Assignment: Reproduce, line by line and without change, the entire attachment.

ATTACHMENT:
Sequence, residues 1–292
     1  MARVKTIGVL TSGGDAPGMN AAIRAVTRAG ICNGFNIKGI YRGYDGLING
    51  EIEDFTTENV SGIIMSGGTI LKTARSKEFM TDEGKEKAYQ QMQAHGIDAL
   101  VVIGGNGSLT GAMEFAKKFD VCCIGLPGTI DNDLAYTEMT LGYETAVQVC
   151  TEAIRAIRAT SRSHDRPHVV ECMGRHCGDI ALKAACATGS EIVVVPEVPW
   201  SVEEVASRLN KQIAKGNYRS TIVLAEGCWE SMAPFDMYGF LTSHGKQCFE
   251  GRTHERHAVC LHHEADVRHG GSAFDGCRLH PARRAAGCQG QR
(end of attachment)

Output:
Sequence, residues 1–292
     1  MARVKTIGVL TSGGDAPGMN AAIRAVTRAG ICNGFNIKGI YRGYDGLING
    51  EIEDFTTENV SGIIMSGGTI LKTARSKEFM TDEGKEKAYQ QMQAHGIDAL
   101  VVIGGNGSLT GAMEFAKKFD VCCIGLPGTI DNDLAYTEMT LGYETAVQVC
   151  TEAIRAIRAT SRSHDRPHVV ECMGRHCGDI ALKAACATGS EIVVVPEVPW
   201  SVEEVASRLN KQIAKGNYRS TIVLAEGCWE SMAPFDMYGF LTSHGKQCFE
   251  GRTHERHAVC LHHEADVRHG GSAFDGCRLH PARRAAGCQG QR